When it comes to retirement plans, private equity's in and ESG is out.

At least, that's where the Department of Labor's latest regulatory guidance is trending. The agency recently expanded the availability of private equity in 401(k)s and then proposed this week to tighten regulation on ESG funds in retirement plans.

In the more recent of the two moves, on June 23, the department’s Employee Benefits Security Administration issued a proposed rule amendment “establishing clear regulatory guideposts” for plan fiduciaries regarding ESG in ERISA plans.

“Private employer-sponsored retirement plans are not vehicles for furthering social goals or policy objectives that are not in the financial interest of the plan,” Secretary of Labor Eugene Scalia said in a statement released the same day.

Under the proposed amendment, the DoL would codify that plan sponsors must first consider risk-adjusted pecuniary goals when making investment selections. In the case of a “tiebreaker” between two funds, the sponsor would be required to follow investment analysis and documentation requirements.

In an op-ed in the Wall Street Journal published June 23, Scalia raised questions about the reliability and performance of ESG investments.

“Many investors understandably want to do good while also doing well, but the standards for ESG investing are often unclear and sometimes contradictory,” he wrote. Referring to “other studies” later in the column, Scalia also asserted that when investments are made with the intention of furthering a particular environmental or social cause, returns “unsurprisingly suffer.”

The vast majority of asset managers are working ESG into their strategies, according to Harvard Business School. Approximately 80% consider ESG criteria when making investment decisions, its research shows.

The Labor Department’s proposed amendment follows a June 3 information letter allowing 401(k) plans to invest in buyout firms when such firms are included in diversified funds — making 401(k)s more akin to pension plans.

The latest guidance on ESG is “intellectually inconsistent” with the information letter, according to Micah Hauptman, financial services counsel at the Consumer Federation of America. While it expresses skepticism of ESG, “the DoL is now saying that private equity — which is opaque, costly, risky, illiquid and hard to value — is fine to include in 401(k)s,” Hauptman says.

"[Plan fiduciaries] need to keep their eyes focused on participants’ financial interest in a secure retirement," a Labor Department spokeswoman said in an emailed statement. "These principles apply equally to private equity and to ESG funds, and the Department has said just that."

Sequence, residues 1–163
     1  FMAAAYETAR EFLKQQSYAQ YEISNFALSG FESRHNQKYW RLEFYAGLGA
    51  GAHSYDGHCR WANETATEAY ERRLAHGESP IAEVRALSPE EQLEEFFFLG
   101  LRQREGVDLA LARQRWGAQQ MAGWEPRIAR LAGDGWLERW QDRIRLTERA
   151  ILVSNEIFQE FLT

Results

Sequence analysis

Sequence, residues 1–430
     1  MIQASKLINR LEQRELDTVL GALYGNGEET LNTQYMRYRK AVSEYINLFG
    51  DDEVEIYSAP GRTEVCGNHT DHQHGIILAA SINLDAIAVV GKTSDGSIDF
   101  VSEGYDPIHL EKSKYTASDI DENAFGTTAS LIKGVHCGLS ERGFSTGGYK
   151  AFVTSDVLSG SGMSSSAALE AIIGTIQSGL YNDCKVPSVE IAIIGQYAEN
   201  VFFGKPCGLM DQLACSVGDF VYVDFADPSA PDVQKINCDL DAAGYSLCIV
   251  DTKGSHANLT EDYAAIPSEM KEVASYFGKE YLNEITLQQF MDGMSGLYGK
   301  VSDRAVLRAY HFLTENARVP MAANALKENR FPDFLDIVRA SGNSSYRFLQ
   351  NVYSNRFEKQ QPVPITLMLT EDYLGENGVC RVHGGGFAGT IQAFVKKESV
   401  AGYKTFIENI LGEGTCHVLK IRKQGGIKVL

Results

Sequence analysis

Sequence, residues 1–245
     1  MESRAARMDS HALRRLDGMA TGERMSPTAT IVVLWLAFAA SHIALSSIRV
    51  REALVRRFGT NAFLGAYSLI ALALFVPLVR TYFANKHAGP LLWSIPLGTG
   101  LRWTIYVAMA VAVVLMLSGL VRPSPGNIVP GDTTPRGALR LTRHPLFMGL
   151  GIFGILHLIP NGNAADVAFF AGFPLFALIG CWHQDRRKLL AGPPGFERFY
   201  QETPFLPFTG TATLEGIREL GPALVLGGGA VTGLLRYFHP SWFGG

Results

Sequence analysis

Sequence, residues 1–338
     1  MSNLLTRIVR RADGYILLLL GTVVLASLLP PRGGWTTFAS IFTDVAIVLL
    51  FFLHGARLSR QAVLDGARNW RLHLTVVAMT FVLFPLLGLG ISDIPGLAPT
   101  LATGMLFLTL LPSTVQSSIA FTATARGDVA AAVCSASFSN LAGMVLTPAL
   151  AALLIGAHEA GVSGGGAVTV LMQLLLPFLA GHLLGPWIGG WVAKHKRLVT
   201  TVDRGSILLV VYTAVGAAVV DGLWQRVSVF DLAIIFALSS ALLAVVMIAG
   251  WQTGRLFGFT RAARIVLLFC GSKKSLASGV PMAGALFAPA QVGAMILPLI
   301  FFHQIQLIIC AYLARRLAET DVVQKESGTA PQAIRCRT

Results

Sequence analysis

The spokeswoman said that the Department’s information letter on private equity "simply makes clear that professional money managers, charged with obligations of prudence and loyalty, can take full advantage of the full range of market options, which include private equity."

In a letter sent to Scalia, a group of 19 consumer advocate organizations, including Hauptman's, criticized the department's guidance around private equity investments. They argued that the Labor Department’s decision discounted how private equity funds “can and do manipulate” their investment performance and often have high fees.

It isn’t just consumer advocates who are concerned about retail investors and private equity.

On June 23, the SEC issued a risk alert regarding private equity, which laid out deficiencies in the private equity sector and said that clients were not aware of conflicts of interest and, in some cases, were paying more in fees and expenses than they should have. The regulator caps open-end fund asset allocation to illiquid securities at 15%.

An SEC spokesman declined to comment on the Labor Department’s guidance regarding private equity.

“The Department of Labor doesn't seem concerned when plans include extremely high-cost investments,” Hauptman says, later adding: “They're just singling ESG out.”
Since 1994, the Labor Department has issued three interpretive bulletins regarding ESG, all of them emphasizing plan sponsors’ fiduciary responsibility to consider financial returns above all other factors, according to background information on the proposal published by the Labor Department.

Meanwhile, ESG funds seem to be holding their own. In 2019, sustainable funds outperformed conventional peers, according to Morningstar data.

A Morningstar article noted that even while many funds don’t market themselves as sustainable, almost 500 funds added ESG language to their prospectuses.

The Labor Department’s proposal includes a 30-day comment period.

Editor's note: This story has been updated with additional comment from a Labor Department spokeswoman.